To round out an afternoon’s worth of Content Marketing Workshops, Outbrain’s Global PR Head Jeff Pyatt served as moderator on a panel called “The Future of Publishing: A Look At The Intersection Between Marketing, Media and Technology.” Joining NewsCred once again were Buzzfeed’s Senior Creative Strategist Joe Puglisi and Tumblr’s Managing Editor Annie Werner, along with Vox Marketing VP Jonathan Hunt.
Werner was actually the only participant with a traditional editorial background, but no matter; all three panelists are certified experts in their fields, with experience ranging from music, content, and publishing (Puglisi) to years and years of social media and marketing leadership (Hunt).
Pyatt kicked off the session by asking Werner what exactly it is she does, as an editor of a company that doesn’t actually produce any of its own content. Fair enough. “Marketing is product is content is marketing is product,” she replied. Today, it’s all-in-one, and Werner spends her time making sure that that – content – or whatever you want to call it – is as quick and easy to discover as possible.
When it comes to content, most of us marketers are always keeping our fingers crossed for earned media. But according to Hunt, we may be putting too much weight where it’s not deserved – or needed.
“Earned media is an important metric for engagement, but not the only metric for success. It’s overvalued because we don’t have a good enough understanding of what it is,” he says. “It’s not enough to have someone mention you on Facebook,” and we shouldn’t act like it is.
For Buzzfeed, success is measured in part by earned views, or as Puglisi puts it, ”seeing content in a social space as a result of an organic share. But when you create one piece of content and put all your energy into promoting that one piece, you’re doing yourself a huge disservice.” Instead, he suggests creating four pieces, tracking all of them and seeing how they perform, then moving forward accordingly.
“I would love to be able to measure quality of experience,” Werner mused.
“If I could quantify hate-clicking, that would be amazing. Just because someone reblogs something a million times, doesn’t mean they loved it. We need to develop smarter tools.”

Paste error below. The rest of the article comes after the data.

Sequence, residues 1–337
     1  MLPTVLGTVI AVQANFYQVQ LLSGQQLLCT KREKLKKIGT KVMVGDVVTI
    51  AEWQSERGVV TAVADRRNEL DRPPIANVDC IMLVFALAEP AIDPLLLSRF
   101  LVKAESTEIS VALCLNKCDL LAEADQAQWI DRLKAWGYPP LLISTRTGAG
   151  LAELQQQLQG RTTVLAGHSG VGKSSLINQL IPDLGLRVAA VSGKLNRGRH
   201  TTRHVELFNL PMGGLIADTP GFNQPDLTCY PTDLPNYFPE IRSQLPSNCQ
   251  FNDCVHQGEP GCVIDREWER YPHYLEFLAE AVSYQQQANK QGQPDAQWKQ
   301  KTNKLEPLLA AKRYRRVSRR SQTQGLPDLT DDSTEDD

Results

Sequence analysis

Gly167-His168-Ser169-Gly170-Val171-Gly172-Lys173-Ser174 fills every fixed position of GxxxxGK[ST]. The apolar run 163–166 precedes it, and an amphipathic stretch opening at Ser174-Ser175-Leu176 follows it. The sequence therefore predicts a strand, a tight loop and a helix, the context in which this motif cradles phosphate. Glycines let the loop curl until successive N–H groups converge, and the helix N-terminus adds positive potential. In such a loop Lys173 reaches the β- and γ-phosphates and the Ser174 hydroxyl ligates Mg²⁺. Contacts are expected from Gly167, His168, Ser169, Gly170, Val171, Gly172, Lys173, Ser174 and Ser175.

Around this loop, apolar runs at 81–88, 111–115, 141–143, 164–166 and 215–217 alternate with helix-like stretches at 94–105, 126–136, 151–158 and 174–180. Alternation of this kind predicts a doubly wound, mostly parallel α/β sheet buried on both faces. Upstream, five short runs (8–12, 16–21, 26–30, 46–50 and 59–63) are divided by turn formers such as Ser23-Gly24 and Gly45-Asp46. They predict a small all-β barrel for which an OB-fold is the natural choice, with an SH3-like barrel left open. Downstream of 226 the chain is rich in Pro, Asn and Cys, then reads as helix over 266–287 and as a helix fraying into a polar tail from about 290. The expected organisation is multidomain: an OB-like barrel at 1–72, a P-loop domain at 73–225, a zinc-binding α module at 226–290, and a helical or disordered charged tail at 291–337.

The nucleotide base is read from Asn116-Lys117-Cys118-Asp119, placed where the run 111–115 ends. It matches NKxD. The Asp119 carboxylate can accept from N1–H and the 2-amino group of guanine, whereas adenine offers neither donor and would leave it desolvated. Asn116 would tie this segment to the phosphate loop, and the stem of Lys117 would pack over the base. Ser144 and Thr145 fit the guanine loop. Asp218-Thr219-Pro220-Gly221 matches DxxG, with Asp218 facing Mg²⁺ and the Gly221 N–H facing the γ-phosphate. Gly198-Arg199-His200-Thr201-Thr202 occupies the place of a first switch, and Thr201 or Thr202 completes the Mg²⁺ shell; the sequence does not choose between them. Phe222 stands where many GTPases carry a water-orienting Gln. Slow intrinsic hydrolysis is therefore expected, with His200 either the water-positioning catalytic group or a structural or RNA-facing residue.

Until that happens, avoid bad content marketing like the plague. What’s bad content marketing? “When brands ignore the truths about their company and hop on trends,” is one example Puglisi gave. Hunt was only too quick to agree: “Trying to be something you’re not? People sniff right through that.”
So, then, where do we go from here? Pyatt looks forward to a day when content marketers no longer think:
It’ll be a day when success is no longer determined solely by page views, because we’ve figured out something that goes beyond views alone, connecting efforts to a bottom line.
Puglisi warns that the number one, most important thing to remember is that content must reflect context. “When you’re building a microsite, you need to understand that it’s very different from a Tumblr post.” The way a user experiences both varies drastically – and, naturally, impacts results as well.
Hunt suggests something as simple as mimicking your favorite media brand. “Obviously, you can’t be inauthentic to what you’re trying to accomplish, but there’s a reason that these brands have grown so much over the years.” Listen closely and take notes.
Then, it’s a good idea to find yourself a publishing partner. Make sure it’s a good match, and you’ll gain access to their audience, as well as their credibility. “If great content falls in a forest, no one’s going to hear it,” says Puglisi. Distribution is a necessity, and publishers make it the process easier.
As technology improves, we’ll have more and more personalized experiences that are tailored to individual readers, and internal processes will improve in turn. Brands will learn to test faster, and subsequently produce better and more meaningful content.
“Lots of brands try to start conversations, when they should be joining them – or avoiding those conversations all together,” laments Hunt. “Find the right space for your company, and make sure it’s an interaction of two of the following: Identity, emotion, and information.”
Bottom line? Try to tell the best story possible and never forget to ask yourself, “Why would people share this? Is it relevant?” Sounds basic, but according to Puglisi, lots of people don’t bother to take a minute to think about these kinds of questions. “Optimization comes with scale,” he says, “but it has to start with good content.”
Anastasia Dyakovskaya is a writer, editor and creative consultant from New York City. When she’s not writing for NewsCred, she’s developing copy and editorial for brands and tech startups. When she’s not working, she’s likely behind the camera or planning her next adventure. Follow her @worldinquestion.
Photos via Getty Images.